U.S. Commercial Buildings Energy Consumption and Intensity Trends: A Decomposition Approach



Behjat Hojjati


U.S. Energy Information Agency (Washington, DC)


Steven H. Wade


U.S. Energy Information Administration (Washington, D.C.)



Increasing energy efficiency is a subject widely referred to as a potential, important contributor to national energy policy goals.  In this context, historical efficiency gains are also of interest, but in practice bottoms-up efficiency estimates are too data intensive to develop. Thus, aggregate energy intensity, defined as total energy use per building or square foot is often used inappropriately as a proxy for energy efficiency. Energy efficiency is the ratio of service provided to energy input. Thus, efficiency gains occur when either energy use is reduced for a given level of service or there are increased services provided from a given amount of energy input. Aggregate energy intensity encompasses all factors affecting energy consumption and includes the effects of efficiency in addition to other non-efficiency components, like conservation changes (reduced energy due to reduced services) and structural changes. Structural changes quantified in our analysis include changes in the distribution of buildings across building types,[1] changes in the regional distribution of buildings, and changes in the average size of buildings.[2]

According to the latest complete Commercial Buildings Energy Consumption Survey (CBECS), U.S. commercial buildings used more than 6.5 quadrillion Btu (quads) of site energy in 2003, up from 5.3 quads in 1989.[3] Between 1989 and 2003 commercial buildings site energy increased by 20.1 percent, or an average annual growth of 1.4 percent.[4],[5] Over this period, the number of buildings grew by more than 11.4 percent and average floorspace per building increased by about 6.8 percent, meaning total commercial floorspace increased by about 18.3 percent. Aggregate energy intensity increased by 8.7 percent on a per building basis and 1.9 percent on a square footage basis. To provide a better estimate of efficiency effects embedded in historical energy intensity, this study separates and removes some structural changes. [6]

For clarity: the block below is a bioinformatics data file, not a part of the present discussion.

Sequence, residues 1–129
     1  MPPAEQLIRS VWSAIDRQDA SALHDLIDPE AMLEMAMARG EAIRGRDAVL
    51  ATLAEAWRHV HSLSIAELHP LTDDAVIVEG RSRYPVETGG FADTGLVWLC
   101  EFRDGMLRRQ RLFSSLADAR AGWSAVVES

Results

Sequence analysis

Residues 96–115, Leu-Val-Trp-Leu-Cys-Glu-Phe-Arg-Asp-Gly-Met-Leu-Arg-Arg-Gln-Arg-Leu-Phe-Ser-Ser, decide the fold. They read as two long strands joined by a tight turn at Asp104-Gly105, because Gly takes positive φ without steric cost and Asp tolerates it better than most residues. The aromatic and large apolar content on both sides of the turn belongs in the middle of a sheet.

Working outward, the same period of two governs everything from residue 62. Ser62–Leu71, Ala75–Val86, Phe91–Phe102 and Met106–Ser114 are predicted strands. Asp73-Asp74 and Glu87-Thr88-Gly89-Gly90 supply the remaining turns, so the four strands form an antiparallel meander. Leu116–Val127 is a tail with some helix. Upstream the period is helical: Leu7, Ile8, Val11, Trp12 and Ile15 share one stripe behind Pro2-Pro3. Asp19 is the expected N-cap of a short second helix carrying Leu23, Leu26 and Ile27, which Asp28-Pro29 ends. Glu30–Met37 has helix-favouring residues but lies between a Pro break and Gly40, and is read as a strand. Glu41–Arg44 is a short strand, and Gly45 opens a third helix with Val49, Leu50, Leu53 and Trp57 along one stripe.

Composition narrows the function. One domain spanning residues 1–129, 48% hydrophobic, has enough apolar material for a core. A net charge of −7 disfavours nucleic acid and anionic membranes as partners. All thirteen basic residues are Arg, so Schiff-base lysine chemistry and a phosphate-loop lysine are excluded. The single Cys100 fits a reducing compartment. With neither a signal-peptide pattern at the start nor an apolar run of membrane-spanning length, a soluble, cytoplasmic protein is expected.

The total change in buildings energy consumption between 1989 and 2003 was heavily influenced by identifiable structural effects. After adjusting for the changes associated with regional shifts, building type mix changes, and changes in building size across regions and building types, the remaining changes are referred to as the decomposed energy intensity. Over this period, decomposed energy intensity decreased by 1.1 percent compared with the aggregate intensity increase of 1.9 percent, a reversal of direction--indicating efficiency gains versus the aggregate estimate of increased intensity. Therefore the simple aggregate intensity, if mistaken as a proxy for efficiency, would have underestimated efficiency gains by 3.0 percent.[7] In the context of total energy consumption, if only energy intensities had changed while the underlying structural factors had remained stable energy consumption would have grown 3.0 percent less over the 1989 through 2003 period – 17.1 percent instead of 20.1 percent.